Taoiseach (Leader) Leo Varadkar has said he believes Sinn Fein MPs should take up their seats at Westminster before the December 11 vote on the Brexit deal.
The deal was signed off by EU leaders on Sunday but faces strong opposition at Westminster, including from Northern Ireland’s 10 Democratic Unionist Party MPs who are supposed to support Prime Minister Theresa May’s Tory government.
May is attempting to combat the opposition from MPs by going directly to the people. She was in Northern Ireland on Tuesday.
Varadkar said that for “different reasons, Sinn Fein is not participating in parliamentary democracy in Westminster or Stormont.”
He said if they are not willing to take up their seats, or feel they cannot because of their policy on abstention, “they do have the option of resigning,” to allow people in the seven constituencies in question to decide whether or not they want to “have a say” when the vote comes to Westminster.
The taoiseach also said the Brexit deal agreed between the U.K. and EU last weekend was the “best deal that was available to the United Kingdom.”
But he said whether or not they accept it “is a decision for the British Parliament.”
He said, “We don't want to do anything counterproductive by being seen to interfere in what is a decision for British Parliament.
“You can imagine the reaction that might happen in Ireland if you had politicians from Spain or Britain or Denmark coming to Ireland to tell us how we should vote when it comes to parliamentary vote.”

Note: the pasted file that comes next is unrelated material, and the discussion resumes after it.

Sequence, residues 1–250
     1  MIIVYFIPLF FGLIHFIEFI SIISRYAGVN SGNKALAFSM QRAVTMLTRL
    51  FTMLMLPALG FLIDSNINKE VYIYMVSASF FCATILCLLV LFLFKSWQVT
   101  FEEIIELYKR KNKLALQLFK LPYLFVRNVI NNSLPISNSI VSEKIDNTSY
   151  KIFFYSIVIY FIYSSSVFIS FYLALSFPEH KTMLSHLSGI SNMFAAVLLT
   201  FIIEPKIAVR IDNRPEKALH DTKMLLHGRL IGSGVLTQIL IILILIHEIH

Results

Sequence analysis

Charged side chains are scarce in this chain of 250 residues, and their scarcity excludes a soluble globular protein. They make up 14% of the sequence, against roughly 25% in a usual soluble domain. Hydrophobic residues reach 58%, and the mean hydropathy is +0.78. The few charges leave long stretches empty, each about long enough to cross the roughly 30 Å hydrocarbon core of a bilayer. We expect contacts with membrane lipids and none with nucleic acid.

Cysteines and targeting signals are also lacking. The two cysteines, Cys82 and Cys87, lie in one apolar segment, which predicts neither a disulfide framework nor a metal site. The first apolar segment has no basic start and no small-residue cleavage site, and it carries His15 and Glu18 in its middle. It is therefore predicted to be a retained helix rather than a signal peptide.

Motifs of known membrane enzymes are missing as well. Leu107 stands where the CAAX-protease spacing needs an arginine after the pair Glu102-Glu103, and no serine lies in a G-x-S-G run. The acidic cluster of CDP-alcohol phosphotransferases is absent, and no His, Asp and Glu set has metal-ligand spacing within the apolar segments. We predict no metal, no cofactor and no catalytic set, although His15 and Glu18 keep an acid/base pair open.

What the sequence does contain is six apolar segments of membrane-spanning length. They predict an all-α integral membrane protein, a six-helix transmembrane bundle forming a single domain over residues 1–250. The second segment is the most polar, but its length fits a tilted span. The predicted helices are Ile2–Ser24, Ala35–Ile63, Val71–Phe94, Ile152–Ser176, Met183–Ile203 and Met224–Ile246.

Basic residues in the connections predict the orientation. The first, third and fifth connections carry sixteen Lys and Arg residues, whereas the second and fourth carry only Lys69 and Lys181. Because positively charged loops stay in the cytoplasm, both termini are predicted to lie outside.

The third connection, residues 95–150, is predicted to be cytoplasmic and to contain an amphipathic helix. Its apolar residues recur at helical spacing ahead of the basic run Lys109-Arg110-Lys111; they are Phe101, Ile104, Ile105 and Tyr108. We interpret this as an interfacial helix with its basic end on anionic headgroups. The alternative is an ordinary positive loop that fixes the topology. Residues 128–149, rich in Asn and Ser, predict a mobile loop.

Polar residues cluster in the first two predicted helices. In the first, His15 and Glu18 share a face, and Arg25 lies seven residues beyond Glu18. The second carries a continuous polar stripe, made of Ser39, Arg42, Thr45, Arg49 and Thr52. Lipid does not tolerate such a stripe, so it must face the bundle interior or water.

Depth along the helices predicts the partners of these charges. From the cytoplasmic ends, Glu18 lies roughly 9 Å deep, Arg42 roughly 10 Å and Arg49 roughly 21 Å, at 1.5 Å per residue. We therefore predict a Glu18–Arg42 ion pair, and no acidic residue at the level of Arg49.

However, he said what Ireland could do is answer questions if anyone wants to ask from the U.K. and give assurances.
Sinn Fein leader Mary Lou McDonald said her party's seven votes at Westminster “will hardly be the deciding factor” for passing the Brexit deal.
She said it was ridiculous to think that Sinn Fein MPs would go to the House of Commons “on a white charger” and save May.
McDonald told Sean O'Rourke on RTE that the reality is that Brexit will happen -- whether on May’s watch or under Labour leader Jeremy Corbyn.
She said Westminster looks after specifically English and British interests and Sinn Fein’s presence there would achieve nothing.
May’s visit to Northern Ireland came the day after President Donald Trump said the withdrawal treaty could hamper trade deals between the U.K. and the U.S., something which May’s Downing Street has denied.
Trump also said that it sounded as if the plan was a good deal for the EU rather than the U.K.
While in Belfast, May said, “This deal avoids a hard border between Northern Ireland and Ireland. This has been at the forefront of my mind throughout the negotiations.
"It has been especially clear to me when I have visited communities along the border in Northern Ireland and seen first-hand how important it is that the unique circumstances local employers face are recognized in any agreement.
"They need to be able to trade freely across the border with Ireland and have unfettered access to the rest of the United Kingdom's market.
"This deal makes that possible and that's why, across Northern Ireland, employers large and small have been getting behind it."